By Kevin Klipstein
Working at U.S. SQUASH, it often feels like we walk around with a big target on our backs. To paraphrase what a respected urban program director said in empathizing with this, “When we do anything, people always thank me, and tell me what great work we’re doing. All U.S. SQUASH gets are complaints and the blame for everything.”
It’s quite possible that the majority of locker room squash conversations that are lamenting where the game is not, start with, “the USSRA should…” (likely unaware that we changed our name to “U.S. SQUASH” two years ago). Unlike other sports, squash players don’t have the management of the pro leagues and their favorite teams to opine on. There is no online fantasy game to let people act as their own owner, manager, or even Commissioner in their sport.
In squash, I rarely hear people make much of a distinction in the management of the sport between the pro tours, college squash, urban squash, U.S. SQUASH, districts, etc. To most people, it’s just squash. As a result, I frequently find myself in the position of explaining to people what we do.
While we are an institution that has existed for over 100 years, individuals make the Association what it is today. This includes an incredibly hardworking and professional staff, a dedicated Board of Directors, and more than 150 volunteers who serve on U.S. SQUASH Committees. Several hundred others serve on the over 30 local District Boards. Finally, there are now 13,000+ members, more members than at any time in the Association’s history.
Having now been in my role as CEO for five years, I thought it would be useful to pause briefly, and highlight just a few accomplishments in those years, beyond the 60% growth in membership since 2004, in order to better inform some of those locker room conversations about squash and U.S. SQUASH’s role in the game.
In 2004, there was no formal connection between the Association and teaching pros to assist them or squash clubs in developing the sport. Today, our Squash Professionals Affiliate (SPA) and “PLAY SQUASH” programs provide a range of valuable benefits to squash professionals, while supporting U.S. SQUASH initiatives to drive growth in the game. The new PLAY SQUASH program provides pros the tools they need to communicate with their members, and manage a club website offering ladders, box leagues and tournaments. Results from these competitions are all integrated into official club, district and national rankings.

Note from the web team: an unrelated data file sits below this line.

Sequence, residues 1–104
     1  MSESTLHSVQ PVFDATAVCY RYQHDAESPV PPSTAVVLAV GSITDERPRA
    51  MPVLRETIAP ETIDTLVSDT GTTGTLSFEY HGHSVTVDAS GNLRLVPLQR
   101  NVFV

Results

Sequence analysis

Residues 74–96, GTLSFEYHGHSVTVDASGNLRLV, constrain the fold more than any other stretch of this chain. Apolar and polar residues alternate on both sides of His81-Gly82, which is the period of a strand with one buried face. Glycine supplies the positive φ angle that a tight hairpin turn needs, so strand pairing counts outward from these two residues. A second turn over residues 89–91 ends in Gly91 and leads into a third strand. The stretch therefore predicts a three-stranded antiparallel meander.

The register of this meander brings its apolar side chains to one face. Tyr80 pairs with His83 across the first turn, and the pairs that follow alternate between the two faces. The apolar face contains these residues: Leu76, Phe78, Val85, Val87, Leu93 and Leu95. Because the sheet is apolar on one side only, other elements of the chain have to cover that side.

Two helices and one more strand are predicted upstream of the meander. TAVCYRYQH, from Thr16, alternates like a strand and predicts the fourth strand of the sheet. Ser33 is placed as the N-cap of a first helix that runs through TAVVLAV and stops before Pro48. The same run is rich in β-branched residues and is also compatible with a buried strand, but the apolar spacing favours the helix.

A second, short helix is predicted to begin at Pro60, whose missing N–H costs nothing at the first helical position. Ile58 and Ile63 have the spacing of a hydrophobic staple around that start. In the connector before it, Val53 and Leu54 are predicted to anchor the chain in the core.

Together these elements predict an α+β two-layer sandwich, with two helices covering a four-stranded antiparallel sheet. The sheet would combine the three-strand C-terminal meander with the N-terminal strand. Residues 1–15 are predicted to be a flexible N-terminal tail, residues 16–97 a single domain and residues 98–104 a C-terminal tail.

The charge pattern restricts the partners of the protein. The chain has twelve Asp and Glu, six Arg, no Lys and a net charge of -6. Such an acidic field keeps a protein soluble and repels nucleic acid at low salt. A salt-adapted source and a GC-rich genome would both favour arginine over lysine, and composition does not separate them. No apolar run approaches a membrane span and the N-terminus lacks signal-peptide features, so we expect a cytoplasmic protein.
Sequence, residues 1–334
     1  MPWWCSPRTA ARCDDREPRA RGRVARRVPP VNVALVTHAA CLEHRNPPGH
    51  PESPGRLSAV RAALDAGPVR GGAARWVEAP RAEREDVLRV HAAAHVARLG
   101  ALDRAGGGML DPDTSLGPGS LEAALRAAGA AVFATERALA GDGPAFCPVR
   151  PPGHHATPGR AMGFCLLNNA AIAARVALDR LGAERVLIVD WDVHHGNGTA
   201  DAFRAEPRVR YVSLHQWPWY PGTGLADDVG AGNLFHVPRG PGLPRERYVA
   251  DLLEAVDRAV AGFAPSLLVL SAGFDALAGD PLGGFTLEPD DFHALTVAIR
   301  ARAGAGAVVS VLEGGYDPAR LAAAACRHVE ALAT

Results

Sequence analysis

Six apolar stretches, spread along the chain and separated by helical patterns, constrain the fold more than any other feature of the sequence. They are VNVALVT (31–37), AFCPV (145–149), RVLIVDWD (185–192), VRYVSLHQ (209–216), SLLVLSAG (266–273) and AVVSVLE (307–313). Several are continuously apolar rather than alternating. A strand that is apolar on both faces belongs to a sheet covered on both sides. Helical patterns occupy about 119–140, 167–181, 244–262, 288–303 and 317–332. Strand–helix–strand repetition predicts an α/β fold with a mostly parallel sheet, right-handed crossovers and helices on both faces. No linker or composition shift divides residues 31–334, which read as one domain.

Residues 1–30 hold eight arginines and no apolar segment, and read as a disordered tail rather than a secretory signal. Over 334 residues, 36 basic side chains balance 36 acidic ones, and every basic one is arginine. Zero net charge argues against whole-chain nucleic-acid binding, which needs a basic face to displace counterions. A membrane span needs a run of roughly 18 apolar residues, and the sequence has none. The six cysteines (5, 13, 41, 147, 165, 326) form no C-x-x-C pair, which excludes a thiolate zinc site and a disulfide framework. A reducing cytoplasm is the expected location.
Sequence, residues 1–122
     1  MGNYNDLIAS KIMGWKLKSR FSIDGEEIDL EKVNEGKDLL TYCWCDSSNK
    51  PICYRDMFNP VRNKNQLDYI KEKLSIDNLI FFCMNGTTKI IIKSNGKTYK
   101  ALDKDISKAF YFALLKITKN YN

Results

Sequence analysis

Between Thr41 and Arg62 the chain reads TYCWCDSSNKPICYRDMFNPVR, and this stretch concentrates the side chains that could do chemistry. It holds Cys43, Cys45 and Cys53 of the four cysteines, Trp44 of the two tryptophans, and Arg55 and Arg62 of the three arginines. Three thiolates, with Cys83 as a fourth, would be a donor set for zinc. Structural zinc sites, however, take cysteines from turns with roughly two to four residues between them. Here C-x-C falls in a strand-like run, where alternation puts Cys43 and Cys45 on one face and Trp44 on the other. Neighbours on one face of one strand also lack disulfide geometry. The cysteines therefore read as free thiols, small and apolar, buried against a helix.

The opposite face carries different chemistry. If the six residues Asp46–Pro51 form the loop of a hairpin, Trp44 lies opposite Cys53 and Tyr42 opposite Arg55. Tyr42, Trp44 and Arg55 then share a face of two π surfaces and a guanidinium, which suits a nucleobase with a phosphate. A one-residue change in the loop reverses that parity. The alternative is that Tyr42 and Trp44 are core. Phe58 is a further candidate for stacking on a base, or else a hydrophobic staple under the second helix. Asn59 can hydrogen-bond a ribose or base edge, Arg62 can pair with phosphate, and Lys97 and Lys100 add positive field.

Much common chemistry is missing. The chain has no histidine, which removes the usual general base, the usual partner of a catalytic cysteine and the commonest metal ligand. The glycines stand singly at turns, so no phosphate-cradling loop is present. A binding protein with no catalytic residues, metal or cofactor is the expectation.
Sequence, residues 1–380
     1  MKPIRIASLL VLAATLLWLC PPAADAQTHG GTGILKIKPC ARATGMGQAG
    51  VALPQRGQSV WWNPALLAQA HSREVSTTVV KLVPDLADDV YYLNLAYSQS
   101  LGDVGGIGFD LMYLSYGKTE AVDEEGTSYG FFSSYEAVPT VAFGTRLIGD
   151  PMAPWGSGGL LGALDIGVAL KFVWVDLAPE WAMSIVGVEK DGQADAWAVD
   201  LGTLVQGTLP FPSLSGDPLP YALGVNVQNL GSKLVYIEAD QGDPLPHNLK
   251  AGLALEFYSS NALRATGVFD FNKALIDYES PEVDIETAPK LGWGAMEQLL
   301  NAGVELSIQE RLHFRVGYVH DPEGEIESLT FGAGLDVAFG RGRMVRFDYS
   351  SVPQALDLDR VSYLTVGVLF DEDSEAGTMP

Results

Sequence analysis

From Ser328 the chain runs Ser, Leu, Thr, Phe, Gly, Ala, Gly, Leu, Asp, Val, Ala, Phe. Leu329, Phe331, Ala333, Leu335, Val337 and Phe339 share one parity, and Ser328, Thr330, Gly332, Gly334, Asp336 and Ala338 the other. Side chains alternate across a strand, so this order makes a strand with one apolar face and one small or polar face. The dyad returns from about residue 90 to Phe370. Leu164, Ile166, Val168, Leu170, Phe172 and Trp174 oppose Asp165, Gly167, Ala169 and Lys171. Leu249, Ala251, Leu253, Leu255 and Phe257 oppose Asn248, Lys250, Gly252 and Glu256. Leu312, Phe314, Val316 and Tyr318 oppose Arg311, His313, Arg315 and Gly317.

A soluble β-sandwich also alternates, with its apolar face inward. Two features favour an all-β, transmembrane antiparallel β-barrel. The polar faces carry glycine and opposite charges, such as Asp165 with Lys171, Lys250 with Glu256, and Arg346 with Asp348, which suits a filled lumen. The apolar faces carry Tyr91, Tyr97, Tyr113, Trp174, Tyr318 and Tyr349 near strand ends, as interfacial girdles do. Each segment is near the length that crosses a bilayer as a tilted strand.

In 2004, middle or high school squash were not part of the squash vocabulary, perhaps beyond boarding schools. No National Championships even existed. This February, 125 high school teams will compete for our National Championship in what will be the largest squash tournament in the world. More than 30 schools will play for the Middle School Championship title later this month. Public schools in several states have granted varsity status to squash in the last few years, creating a more diverse group of kids playing squash each year.
In 2004, 550 juniors earned a final season ranking by playing four or more tournaments; in 2009, 1,035 did—an 88% increase. Urban squash players are beginning to make their mark in competitions nationally, and the number of programs and players has also doubled.
In 2004, our Junior Men’s team had recently finished 14th in worlds, they finished 10th in 2008. Our Men’s team had not finished higher than 19th in nearly two decades, they finished 12th last fall. Few junior players had ever reached the round of 16 of any World Championships. In 2009, three girls did in the same tournament.
In 2004, no link existed between the College Squash Association and U.S. SQUASH. Once players left the juniors, their connection to the larger squash world was lost, often for years, if not decades. Today, U.S. SQUASH powers the basic infrastructure of the CSA in a close partnership, offering memberships to all college players in addition to a bridge to squash as young adults.
In 2004, the Association loosely managed 11 National Championships, called different names depending on who happened to promote them in that year. This season, the Miller Zell U.S. Championship Series boasts 20 Championships. Participation in our Championships has increased from fewer than 2,000 players to more than 5,000 in this period.
During this time, we have streamlined and strengthened the governance of the Association, stabilized the financial management structure and are half way through implementing against a 3-year strategic plan. We have updated the brand and our name, consolidated our technology platform and re-launched our website.
As we look forward, there are still many opportunities. The rankings have improved dramatically, but still have a ways to go. We are renewing our focus on our Coach and Referee Certification programs, two essential elements to a strong foundation for the sport. The U.S. Open should be the most prestigious squash tournament in the world. Squash needs a broader audience to attract major sponsors.
The staff and I are extremely passionate about seeing squash succeed as a sport. While we certainly accept the slings and arrows as “coming with the territory,” it’s important to understand that, along with our harshest critics, we are all aiming for the same target.